The ten-year bond yield is the basis for long-term interest rates
The ten-year bond influences everything from mortgage rates to corporate debt. It’s now the benchmark for long-term US interest rates. Old-timers might remember when the 30-year bond was the benchmark, but that changed in the 1990s. When investors want to know what’s going on in the bond market, they in essence want to know where the ten-year bond is trading.
Note that short-term rates are still important, particularly the London interbank offered rate (or LIBOR), which is the base rate for almost all short-term rates.
Rate information is relevant to mortgage real estate investment trusts (or REITs) like American Capital Agency (AGNC), Annaly Capital (NLY), Hatteras (HTS), Capstead (CMO), and MFA (MFA). It’s also helpful for people who invest in homebuilders and fixed income ETFs like the iShares 20+ Year Treasury Bond (TLT).
Bond yields consolidate after the strong jobs report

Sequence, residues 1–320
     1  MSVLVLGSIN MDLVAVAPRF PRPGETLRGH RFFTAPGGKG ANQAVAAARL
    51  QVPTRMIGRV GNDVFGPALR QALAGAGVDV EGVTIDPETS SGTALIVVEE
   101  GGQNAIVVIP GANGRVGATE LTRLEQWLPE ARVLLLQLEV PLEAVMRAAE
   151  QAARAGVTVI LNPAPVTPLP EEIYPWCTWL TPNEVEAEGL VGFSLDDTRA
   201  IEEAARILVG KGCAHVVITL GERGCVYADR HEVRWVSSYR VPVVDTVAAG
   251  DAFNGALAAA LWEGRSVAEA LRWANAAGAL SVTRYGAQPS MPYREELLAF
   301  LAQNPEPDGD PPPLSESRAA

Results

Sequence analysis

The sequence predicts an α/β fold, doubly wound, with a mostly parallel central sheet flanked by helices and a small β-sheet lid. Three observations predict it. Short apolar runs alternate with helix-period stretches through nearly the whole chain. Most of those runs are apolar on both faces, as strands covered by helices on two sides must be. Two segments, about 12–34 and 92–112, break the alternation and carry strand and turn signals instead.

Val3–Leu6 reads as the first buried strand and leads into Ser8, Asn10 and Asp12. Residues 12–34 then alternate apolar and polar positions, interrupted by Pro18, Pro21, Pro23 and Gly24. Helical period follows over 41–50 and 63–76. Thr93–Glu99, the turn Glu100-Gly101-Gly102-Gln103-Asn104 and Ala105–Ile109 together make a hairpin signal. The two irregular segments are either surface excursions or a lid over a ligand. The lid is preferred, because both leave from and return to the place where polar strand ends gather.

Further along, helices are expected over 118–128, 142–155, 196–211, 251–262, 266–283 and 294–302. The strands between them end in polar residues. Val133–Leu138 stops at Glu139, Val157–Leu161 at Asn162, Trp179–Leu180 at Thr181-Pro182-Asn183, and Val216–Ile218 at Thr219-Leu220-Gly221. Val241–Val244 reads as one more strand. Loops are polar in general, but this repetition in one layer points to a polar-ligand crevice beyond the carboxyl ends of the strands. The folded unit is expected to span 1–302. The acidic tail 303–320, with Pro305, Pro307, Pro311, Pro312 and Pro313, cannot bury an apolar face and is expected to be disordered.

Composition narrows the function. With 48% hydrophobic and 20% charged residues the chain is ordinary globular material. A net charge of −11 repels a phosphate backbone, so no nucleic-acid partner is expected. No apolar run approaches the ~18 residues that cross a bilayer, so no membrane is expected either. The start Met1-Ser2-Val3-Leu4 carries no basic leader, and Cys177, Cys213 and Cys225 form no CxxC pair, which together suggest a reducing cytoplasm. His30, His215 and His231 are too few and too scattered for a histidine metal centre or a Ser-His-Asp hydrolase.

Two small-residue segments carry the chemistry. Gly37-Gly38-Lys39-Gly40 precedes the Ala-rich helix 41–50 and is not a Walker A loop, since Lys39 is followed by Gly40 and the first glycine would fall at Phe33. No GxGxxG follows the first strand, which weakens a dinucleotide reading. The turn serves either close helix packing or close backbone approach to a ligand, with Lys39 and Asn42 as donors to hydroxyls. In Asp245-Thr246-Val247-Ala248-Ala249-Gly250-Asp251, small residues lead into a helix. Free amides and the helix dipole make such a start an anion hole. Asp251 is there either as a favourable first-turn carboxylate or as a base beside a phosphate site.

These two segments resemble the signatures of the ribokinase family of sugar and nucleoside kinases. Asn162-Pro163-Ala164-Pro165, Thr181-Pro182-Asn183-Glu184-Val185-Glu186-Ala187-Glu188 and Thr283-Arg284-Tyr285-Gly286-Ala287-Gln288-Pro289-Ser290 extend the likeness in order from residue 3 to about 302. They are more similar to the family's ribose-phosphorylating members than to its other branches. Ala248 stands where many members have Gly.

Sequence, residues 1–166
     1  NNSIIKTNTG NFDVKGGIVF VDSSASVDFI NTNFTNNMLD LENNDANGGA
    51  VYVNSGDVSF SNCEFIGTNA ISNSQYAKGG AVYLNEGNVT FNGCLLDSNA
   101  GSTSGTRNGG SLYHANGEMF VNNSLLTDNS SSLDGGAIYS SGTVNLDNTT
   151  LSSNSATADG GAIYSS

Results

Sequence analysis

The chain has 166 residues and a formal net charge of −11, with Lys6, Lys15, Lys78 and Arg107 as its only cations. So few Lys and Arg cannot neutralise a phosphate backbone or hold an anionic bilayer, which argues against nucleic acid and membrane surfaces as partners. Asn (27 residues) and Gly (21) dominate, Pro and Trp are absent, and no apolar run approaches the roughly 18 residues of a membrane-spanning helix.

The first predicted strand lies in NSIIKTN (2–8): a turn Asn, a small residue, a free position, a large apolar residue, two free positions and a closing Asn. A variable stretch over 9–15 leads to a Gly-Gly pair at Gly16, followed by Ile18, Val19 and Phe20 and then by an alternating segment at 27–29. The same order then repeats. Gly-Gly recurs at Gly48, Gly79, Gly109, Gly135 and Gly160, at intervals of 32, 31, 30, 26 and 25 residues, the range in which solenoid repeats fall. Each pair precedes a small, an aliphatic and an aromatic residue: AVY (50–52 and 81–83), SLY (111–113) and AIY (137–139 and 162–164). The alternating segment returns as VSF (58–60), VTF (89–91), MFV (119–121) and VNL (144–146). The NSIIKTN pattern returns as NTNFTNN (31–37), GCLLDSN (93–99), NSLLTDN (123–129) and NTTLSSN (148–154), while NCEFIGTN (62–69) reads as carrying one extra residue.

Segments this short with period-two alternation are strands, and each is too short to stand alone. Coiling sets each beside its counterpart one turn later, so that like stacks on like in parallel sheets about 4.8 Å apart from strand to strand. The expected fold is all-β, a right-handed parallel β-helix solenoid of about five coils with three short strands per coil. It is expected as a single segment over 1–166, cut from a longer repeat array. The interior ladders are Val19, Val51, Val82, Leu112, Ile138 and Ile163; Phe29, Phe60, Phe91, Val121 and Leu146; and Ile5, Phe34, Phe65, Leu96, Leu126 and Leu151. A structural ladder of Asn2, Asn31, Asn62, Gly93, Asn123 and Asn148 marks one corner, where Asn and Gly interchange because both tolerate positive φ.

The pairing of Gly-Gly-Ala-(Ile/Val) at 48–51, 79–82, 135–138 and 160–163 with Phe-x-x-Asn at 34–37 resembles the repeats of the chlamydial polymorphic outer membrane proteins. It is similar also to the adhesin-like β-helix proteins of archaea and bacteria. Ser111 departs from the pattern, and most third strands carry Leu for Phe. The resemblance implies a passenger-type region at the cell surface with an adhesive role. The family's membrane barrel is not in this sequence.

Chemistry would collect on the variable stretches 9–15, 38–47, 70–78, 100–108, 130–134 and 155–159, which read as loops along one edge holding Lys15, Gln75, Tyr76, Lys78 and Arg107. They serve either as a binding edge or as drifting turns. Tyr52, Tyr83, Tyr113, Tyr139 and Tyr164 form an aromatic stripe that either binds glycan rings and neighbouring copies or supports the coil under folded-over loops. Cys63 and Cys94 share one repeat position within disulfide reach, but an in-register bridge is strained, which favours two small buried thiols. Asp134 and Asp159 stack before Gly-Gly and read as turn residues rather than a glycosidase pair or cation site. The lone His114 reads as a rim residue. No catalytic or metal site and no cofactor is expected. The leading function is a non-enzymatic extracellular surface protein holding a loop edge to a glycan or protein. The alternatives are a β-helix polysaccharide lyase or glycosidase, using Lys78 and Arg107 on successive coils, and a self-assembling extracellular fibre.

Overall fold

Bond yields have been subject to the push-and-pull effect of European weakness versus US strength. As Europe slips into recession and investors fret over the situation in Greece, we’ve seen a massive flight to quality. This movement has dragged bond yields lower in Europe, which has pulled US yields lower. Last week, we began to see a bit of a “risk on” trade, as Greek sovereign yields fell and investors sold G7 bonds to buy stocks.
US Treasuries picked up another 10 basis points to close out at 2.05%. Overall, we’ve seen the 10-year bond yield pick up 41 basis points over the past two weeks. US data was on the strong side, especially the JOLTS report, although we did see some signs of improvement in Germany as well.